Congenit Heart Dis 2018 Sep 31;13(5):655-662. Epub 2018 Jul 31.

Cardiology Service, Insular-Materno Infantil University Hospital, Las Palmas de Gran Canaria, Spain.

Introduction: Hyperuricemia has been associated with cardiovascular risk factors but it remains controversial if uric acid is an independent predictor of cardiac mortality.

Methods: A total of 503 CHD patients (457 nonhypoxemic and 46 hypoxemic) and 772 control patients fulfilled inclusion criteria. Demographic, clinical, and analytical data [serum uric acid and 24h urine uric acid levels, N-terminal pro-B-type natriuretic peptide (NT-pro-BNP), and C-reactive-protein (CRP) concentrations] were studied. Survivals curves to determine cardiac death and arterial thrombosis in CHD patients were also examined.

Results: Noncyanotic and cyanotic CHD patients had significant higher serum uric acid concentration (5.2 ± 1.5 vs 4.9 ± 1.3mg/dL, P = .007 and 6.7 ± 2.1 vs 4.9 ± 1.3mg/dL, P < .001, respectively) and gout (1% vs 0%, P = .003 and 4% vs 0%, P < .01, respectively) than the control population. Among CHD patients, hyperuricemic patients were significant older and with overweight, used more diuretics, were more cyanotic and had higher serum creatinine, NT-pro-BNP and CRP concentrations than nonhyperuricemic. In the multivariable analysis, the body mass index (BMI) (OR 1.09; 95% CI 1.01-1.18), cyanosis (OR 6.2; 95 CI 1.5-24.6), serum creatinine concentration (OR 49; 95% CI 44-538), and being under diuretic treatment (OR 4.5; 95% CI 1.4-14.5) proved to be risk factors for hyperuricemia in CHD patients. The Kaplan-Meier events free survival curves, during a 5.2 ± 2.7 years follow-up of up time, showed that hyperuricemic CHD patients had significant higher cardiovascular death (P = .002). However, after applying the Cox regression analysis uric acid levels lost its statistical significance. No significant differences were seen in relation to thrombotic events between CHD patients with and without hyperuricemia.

Conclusions: CHD patients, noncyanotic and cyanotic, have higher serum uric acid levels and gout than patients in the general population. BMI, renal insufficiency, cyanosis, and the use of diuretics were risk factor for hyperuricemia among CHD patients.
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http://dx.doi.org/10.1111/chd.12620DOI Listing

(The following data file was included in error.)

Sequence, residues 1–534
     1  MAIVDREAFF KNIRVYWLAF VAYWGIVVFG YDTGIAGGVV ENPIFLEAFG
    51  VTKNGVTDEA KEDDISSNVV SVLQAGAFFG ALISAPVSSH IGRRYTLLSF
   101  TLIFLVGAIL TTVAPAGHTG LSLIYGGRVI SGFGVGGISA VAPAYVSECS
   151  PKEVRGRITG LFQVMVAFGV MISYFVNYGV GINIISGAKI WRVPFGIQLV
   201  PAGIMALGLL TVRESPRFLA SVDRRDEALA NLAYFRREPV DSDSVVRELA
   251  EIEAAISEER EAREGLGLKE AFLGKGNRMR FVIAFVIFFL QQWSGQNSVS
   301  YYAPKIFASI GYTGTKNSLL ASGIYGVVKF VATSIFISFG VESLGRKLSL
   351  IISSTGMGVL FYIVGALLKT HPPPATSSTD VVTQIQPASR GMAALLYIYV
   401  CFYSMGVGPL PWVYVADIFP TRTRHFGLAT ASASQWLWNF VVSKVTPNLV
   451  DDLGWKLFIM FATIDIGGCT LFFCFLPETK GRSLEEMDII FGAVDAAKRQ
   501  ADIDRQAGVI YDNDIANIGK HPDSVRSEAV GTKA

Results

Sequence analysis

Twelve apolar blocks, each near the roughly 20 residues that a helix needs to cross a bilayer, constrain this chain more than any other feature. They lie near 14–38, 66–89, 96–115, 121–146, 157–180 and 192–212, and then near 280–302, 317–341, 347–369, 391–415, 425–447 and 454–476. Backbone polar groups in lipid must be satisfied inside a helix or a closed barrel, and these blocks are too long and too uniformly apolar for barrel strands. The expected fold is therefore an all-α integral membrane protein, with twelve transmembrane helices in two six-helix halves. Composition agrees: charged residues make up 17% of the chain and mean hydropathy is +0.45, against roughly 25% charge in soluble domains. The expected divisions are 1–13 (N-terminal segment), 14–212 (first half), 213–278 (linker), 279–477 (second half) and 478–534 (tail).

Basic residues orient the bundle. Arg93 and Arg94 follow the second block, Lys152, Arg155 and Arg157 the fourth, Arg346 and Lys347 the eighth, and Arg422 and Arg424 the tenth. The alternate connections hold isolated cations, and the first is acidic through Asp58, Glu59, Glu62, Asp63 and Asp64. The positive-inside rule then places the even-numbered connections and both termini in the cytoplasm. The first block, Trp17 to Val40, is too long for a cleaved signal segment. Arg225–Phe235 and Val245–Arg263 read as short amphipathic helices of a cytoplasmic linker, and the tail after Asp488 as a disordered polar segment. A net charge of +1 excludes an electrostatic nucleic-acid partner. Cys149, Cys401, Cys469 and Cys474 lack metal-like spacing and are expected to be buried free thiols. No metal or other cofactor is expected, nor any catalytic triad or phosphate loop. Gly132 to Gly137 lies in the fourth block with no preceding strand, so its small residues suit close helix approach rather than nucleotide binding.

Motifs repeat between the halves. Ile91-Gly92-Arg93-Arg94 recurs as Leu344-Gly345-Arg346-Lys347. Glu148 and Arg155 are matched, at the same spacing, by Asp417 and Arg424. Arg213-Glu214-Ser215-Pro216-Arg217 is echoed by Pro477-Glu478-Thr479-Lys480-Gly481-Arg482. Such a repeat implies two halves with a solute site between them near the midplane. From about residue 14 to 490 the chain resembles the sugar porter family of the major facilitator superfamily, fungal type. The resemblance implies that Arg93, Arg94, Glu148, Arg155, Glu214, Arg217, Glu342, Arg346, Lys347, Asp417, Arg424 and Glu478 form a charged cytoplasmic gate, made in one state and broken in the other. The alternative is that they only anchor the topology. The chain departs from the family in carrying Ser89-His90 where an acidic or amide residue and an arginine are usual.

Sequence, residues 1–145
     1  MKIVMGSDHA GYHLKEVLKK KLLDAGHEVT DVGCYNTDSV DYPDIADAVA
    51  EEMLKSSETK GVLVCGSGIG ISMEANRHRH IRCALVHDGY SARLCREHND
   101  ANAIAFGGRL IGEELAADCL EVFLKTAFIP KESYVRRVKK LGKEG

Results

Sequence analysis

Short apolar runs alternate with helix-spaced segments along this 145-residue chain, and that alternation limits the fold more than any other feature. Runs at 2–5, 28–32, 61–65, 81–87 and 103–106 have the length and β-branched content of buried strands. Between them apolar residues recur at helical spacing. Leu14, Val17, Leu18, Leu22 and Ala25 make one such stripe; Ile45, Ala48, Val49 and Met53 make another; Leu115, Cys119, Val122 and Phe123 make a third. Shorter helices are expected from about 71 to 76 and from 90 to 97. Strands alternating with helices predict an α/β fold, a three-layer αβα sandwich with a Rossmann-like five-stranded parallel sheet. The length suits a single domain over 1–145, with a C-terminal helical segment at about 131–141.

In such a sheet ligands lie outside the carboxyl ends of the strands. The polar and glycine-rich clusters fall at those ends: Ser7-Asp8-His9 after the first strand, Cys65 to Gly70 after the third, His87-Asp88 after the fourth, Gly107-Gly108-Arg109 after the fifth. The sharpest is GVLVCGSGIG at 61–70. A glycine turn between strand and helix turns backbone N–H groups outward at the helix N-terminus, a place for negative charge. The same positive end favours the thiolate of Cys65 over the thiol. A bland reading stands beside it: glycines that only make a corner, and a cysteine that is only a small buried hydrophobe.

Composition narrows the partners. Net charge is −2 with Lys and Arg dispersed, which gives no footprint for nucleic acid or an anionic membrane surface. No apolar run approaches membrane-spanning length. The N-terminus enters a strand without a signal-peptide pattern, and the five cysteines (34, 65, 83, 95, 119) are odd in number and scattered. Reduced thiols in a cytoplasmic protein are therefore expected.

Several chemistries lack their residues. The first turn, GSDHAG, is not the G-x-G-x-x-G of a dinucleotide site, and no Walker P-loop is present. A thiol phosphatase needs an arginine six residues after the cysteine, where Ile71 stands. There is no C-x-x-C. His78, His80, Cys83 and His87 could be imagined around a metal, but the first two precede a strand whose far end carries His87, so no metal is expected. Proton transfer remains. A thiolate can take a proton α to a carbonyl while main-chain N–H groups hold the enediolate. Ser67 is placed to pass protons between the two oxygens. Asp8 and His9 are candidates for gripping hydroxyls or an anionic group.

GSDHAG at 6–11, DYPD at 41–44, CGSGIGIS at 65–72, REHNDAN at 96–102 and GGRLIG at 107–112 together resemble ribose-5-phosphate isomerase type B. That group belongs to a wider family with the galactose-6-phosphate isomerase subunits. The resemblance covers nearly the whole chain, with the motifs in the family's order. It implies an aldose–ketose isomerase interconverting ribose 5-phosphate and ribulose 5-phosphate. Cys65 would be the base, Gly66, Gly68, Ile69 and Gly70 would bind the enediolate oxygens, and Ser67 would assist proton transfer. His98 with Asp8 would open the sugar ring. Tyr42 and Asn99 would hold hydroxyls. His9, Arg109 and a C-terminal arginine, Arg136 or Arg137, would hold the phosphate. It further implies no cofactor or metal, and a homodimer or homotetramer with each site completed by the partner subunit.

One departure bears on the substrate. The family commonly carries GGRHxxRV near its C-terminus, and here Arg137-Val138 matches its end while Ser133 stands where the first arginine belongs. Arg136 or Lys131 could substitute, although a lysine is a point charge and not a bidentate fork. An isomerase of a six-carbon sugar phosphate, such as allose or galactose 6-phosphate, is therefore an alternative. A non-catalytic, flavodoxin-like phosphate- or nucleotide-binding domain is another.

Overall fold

September 2018

Serum Malondialdehyde Levels and Mortality in Patients with Spontaneous Intracerebral Hemorrhage.

World Neurosurg 2018 May 23;113:e542-e547. Epub 2018 Feb 23.

Department of Neurosurgery, Hospital Universitario de Canarias, Santa Cruz de Tenerife, Spain.

Objective: Oxidative stress has been associated with secondary brain injury after spontaneous intracerebral hemorrhage (SIH). Malondialdehyde (MDA) appears in blood during lipid oxidation. Higher serum MDA levels have been found in patients with SIH than in healthy controls; however, we have not found data indicating an association between elevated serum MDA and early mortality in this population. This was the main objective of our study.

Methods: MDA levels were measured in serum samples obtained from 100 patients at diagnosis of severe SIH (Glasgow Coma Scale score ≤8) and 80 healthy controls. The endpoint of the study was mortality at 30 days.

Results: Serum MDA levels were significantly higher in patients with severe SIH than in healthy controls (1.46 [1.18-2.2] vs. 1.11 [0.72-1.51]; P < 0.001), and in nonsurviving (n = 46) than in surviving (n = 54) patients (1.68 [1.23-4.02] vs. 1.37 [0.99-1.92]; P = 0.002). The area under the receiving operating characteristic curve of serum MDA levels to predict 30-day mortality was 0.68 (95% CI, 0.58-0.77; P < 0.001). Serum MDA levels were associated with 30-day mortality (OR, 6.279; 95% CI, 1.940-20.319; P = 0.002).